OAKLAND — Josh Donaldson mimics Miguel Cabrera whenever he can, and he has no problem copping to it.
Donaldson spent a couple of days each week over the offseason studying tape of Detroit's star in the batter's box, trying to pick up on anything he could apply to his own hitting for Oakland.
Indeed, Donaldson learned a thing or two that worked on the way to a breakout season: .301 batting average, 24 home runs, 93 RBIs in 158 games for the AL West champion Athletics.
"JD's the MVP of our team and Miguel Cabrera is the MVP of baseball," A's first baseman Brandon Moss said.
These two talented third basemen will face off in the playoffs for the second straight October starting with Game 1 of the AL division series Friday night.
One is a household name, 2012 Triple Crown winner and widely considered the best hitter in baseball. The other is more anonymous up-and-comer whose spectacular September in his first full major league season earned him AL player of the month honors.
Cabrera is making $21 million this season, Donaldson a mere $492,500.
"I've watched his videos a lot as far as a hitter," Donaldson said. "He's a highly talented hitter, and I really appreciate the way he goes about hitting and I try to learn from him at what he's doing. I feel he's one of the best hitters in the game that goes to right field, and what's helped me be able to take it to the next level this year is the ability to be able to hit it to right field. Watching him over the course of time has definitely helped me."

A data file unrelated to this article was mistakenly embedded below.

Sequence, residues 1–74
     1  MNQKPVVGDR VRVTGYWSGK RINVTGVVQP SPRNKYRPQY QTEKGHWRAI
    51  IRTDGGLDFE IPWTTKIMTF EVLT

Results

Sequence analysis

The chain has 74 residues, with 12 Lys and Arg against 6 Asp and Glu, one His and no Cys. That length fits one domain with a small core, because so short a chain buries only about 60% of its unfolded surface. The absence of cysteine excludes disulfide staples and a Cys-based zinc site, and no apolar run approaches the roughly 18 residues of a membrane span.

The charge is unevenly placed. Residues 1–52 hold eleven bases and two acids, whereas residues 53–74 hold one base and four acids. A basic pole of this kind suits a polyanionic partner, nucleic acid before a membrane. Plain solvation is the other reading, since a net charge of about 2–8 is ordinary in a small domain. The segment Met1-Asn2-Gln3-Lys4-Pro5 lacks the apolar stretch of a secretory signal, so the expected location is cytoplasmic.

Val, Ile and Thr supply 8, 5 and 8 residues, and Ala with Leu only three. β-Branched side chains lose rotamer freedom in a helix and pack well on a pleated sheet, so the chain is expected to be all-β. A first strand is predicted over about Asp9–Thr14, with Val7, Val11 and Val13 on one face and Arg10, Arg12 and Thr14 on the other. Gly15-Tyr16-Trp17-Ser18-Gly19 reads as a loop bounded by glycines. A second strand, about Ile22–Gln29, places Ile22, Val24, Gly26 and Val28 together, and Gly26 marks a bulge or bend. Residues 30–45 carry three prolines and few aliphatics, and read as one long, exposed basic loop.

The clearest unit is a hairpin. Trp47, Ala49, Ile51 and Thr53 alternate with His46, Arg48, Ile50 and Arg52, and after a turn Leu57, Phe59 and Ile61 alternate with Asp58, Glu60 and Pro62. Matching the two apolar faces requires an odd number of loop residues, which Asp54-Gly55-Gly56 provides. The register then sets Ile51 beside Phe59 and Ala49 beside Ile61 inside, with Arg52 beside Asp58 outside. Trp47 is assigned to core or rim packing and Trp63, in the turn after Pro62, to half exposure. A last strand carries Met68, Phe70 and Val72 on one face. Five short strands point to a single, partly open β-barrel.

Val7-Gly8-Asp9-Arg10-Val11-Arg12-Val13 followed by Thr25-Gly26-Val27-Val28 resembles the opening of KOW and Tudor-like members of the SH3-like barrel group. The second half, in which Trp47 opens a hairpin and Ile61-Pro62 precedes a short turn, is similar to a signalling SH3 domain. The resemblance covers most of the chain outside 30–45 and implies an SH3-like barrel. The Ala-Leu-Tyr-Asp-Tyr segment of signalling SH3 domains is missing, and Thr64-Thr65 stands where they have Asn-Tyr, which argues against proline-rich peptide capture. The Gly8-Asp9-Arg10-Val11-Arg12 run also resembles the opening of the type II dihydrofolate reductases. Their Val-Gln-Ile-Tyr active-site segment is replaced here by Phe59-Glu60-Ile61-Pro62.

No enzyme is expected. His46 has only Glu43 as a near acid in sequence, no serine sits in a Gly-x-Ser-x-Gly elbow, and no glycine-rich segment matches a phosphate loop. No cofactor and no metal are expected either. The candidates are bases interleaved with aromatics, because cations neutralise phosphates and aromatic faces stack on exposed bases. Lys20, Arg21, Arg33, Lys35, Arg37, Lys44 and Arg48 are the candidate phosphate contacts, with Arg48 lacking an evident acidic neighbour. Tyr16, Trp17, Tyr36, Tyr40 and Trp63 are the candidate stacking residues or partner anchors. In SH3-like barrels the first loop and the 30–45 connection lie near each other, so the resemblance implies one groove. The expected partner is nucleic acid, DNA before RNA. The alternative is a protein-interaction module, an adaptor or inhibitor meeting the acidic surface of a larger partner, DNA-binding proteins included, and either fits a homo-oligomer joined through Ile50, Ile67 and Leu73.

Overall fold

Cabrera was pleased to hear that Donaldson had studied his tape.
"Oh, that's great. That's awesome," Cabrera said. "He's a great player. He's one of the reasons the Oakland A's are in the playoffs. He brings a lot of energy to their ballclub. I think you'll see he can change the game with his bat but his glove, too."
And to think Donaldson had prepared to play catcher until he was called upon to fill in at third when Scott Sizemore went down with a season-ending knee injury at the start of spring training 2012.
Aside from much focus at third base, the rematch of last fall's first-round series takes on a far different look this time around. Cabrera, Prince Fielder and the Tigers have something to prove after being swept by San Francisco in last year's World Series, while the A's were hardly a surprise division champion this time and know how close they were to beating the Tigers and reaching the ALCS.
Max Scherzer (21-3) gets the ball opposite Oakland 18-game winner Bartolo Colon for the opener. Tigers manager Jim Leyland is going with Justin Verlander in Saturday's Game 2 against rookie Sonny Gray.
Verlander beat the A's in Games 1 and 5 last year.
That's still plenty fresh for both sides, but so is the A's late August visit to Comerica Park in which they took three of four on Detroit's home field.